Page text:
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Why Indians need to reject ultra processed foods

According to important new reports, an increasing number of Indians are consuming ultra processed foods, increasing chances of severe diseases and death

You need to reject ultra processed foods.
You need to reject ultra processed foods. (Needpix)

If it’s too good to resist, it’s probably not good for you. This couldn’t be truer in the current times as far as our food and eating habits are concerned. With every passing day, more Indians are consuming ultra-processed foods. The overall per capita sales of ultra-processed foods and beverages in India grew from $900 million in 2006 to over $37.9 billion in 2019, according to a 2023 report by the World Health Organization (WHO) and the Indian Council for Research on International Economic Relations (ICRIER) called The Growth Of Ultra-Processed Foods In India. Consumption of such foods has grown consistently in India, 13.37% between 2011 to 2021, which is among the highest globally. 

This is a concerning trend, as as a new study has found a direct association between ultra-processed foods and 32 harmful health conditions. These include a higher risk of cancer, heart disease, mental health, Type 2 diabetes, and early death. The study titled Ultra-Processed Food Exposure And Adverse Health Outcomes published in the British Medical Journal on 28 February.

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It is a systematic review of 45 pooled meta analyses probing the impact of ultra-processed foods on our health. “Greater exposure to ultra-processed food was associated with a higher risk of adverse health outcomes, especially cardiometabolic, common mental disorder, and mortality outcomes,” the researchers conclude, while urging effective public health measures to target and reduce exposure to ultra-processed foods. 

Ultra-processed foods can’t really be called ‘food’. They’re more like edible substances primarily composed of chemically modified extracts from food sources, along with additives to enhance taste, texture, appearance, and durability. These include a broad range of ready-to-eat products, including packaged snacks, carbonated soft drinks, instant noodles, and ready-made meals.

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A lot of what we eat, including whole grains such as rice, wheat, flour, pulses, dosa batter, etc. are processed to an extent. But ultra-processed foods contain low amounts of proteins, vitamins, phytochemicals, minerals and dietary fibre, while being but are rich in fat (saturated fatty acids), salt and sugar and high in calories. Some of the most common ultra-processed foods in India are biscuits, breakfast cereal, bhujia and packaged snacks including several health bars, sweetened beverages including juices, fast food, and ready-to-eat meals.

There’s a simple visual cue to identifying ultra-processed foods, according to Shashank Mehta, co-founder and CEO of The Whole Truth Foods. Basically, beware of any food that comes in a ‘perfect’ shape, like a circle, star, or square. “Such foods have a list of ingredients that sound more like chemicals than food, the more the chemicals, the more processed they are. If something is way too sweet than you expect it to be, it is ultra-processed and has sugar substitutes. Also, any food that comes in perfect, bright colours such as pink, blue, red… such colours don’t exist in nature the way they exist in packaged foods. If you see such colours, you know it is ultra-processed,” says Mehta.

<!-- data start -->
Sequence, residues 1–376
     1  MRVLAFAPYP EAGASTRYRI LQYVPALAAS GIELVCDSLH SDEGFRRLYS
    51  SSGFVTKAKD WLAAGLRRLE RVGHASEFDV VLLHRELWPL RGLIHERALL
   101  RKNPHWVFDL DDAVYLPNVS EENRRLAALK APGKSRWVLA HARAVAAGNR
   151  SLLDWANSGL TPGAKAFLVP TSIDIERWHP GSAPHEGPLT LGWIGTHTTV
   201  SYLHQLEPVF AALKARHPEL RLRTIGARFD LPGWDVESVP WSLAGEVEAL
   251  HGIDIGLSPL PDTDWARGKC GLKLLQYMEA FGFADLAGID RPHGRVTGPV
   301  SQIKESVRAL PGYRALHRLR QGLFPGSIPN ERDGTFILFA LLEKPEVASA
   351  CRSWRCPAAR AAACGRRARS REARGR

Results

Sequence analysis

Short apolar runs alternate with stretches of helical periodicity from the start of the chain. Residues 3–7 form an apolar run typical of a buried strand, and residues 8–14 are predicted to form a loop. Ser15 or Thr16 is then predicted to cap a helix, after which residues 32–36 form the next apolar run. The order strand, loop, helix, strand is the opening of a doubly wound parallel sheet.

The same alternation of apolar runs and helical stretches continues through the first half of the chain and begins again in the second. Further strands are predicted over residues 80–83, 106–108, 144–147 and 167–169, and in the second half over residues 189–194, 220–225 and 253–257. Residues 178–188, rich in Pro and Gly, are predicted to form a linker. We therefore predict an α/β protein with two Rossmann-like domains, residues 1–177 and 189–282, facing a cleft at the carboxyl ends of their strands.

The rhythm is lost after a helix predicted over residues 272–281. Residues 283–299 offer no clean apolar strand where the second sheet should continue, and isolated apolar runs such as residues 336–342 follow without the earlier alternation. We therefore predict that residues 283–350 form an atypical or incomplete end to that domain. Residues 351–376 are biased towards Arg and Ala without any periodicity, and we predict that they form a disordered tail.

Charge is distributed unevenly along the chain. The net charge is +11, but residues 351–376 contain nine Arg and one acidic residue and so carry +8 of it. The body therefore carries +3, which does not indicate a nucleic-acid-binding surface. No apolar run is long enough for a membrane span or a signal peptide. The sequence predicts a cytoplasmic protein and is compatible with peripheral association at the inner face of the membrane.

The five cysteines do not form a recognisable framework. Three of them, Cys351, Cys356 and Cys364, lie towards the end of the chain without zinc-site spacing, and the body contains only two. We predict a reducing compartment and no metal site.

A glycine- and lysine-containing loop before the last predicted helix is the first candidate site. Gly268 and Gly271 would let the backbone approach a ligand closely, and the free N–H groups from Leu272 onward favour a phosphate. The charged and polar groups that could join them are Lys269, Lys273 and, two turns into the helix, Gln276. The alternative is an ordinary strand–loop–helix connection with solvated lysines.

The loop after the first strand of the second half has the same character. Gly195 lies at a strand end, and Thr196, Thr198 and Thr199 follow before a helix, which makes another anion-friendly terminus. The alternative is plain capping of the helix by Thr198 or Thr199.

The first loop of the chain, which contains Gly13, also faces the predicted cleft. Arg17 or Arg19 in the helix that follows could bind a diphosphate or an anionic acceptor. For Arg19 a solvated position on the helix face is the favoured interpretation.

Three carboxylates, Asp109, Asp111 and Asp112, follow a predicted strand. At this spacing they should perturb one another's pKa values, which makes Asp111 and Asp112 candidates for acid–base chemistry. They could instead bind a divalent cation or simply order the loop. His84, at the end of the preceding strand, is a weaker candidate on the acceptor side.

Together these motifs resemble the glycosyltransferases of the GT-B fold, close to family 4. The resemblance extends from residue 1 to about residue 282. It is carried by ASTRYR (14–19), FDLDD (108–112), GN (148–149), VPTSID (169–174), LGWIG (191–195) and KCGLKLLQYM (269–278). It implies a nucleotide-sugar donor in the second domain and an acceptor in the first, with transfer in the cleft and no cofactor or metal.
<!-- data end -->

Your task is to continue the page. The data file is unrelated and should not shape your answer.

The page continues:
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According to a study, Indian ultra-processed foods and beverages have the second highest median total sugar content, says Deepti Khatuja, head and clinical nutritionist, Fortis Memorial Research Institute, Gurugram. “Indian packaged foods and beverages also had the highest levels of saturated fat, total sugars, and energy density,” she adds. Niyati Naik, Clinical Dietician, Kokilaben Dhirubhai Ambani Hospital Mumbai, says that apart from being really bad for our health, ultra-processed foods can also affect our mood, cognition, and behaviour, and interfere with the balance of hormones in the long run. They can also disrupt our gut microbiome, which plays a key role in our immune system and metabolism.   

One of the reasons for the increased consumption of ultra-processed foods in India is growing income. Other reasons include convenience, longer shelf life and quick access, adds the WHO report. However, unlike in the US and the UK where the consumption of ultra-processed foods is much higher, people in India can act quickly and limit the damage with a robust nutrition policy, regulation, and being mindful about food and eating behaviours. “It’s essential to be mindful of both ultra-processed and fried foods in your diet and aim for a balanced and nutritious eating pattern to promote overall health,” says Naik. 

Shrenik Avlani is a writer and editor and the co-author of The Shivfit Way, a book on functional fitness.

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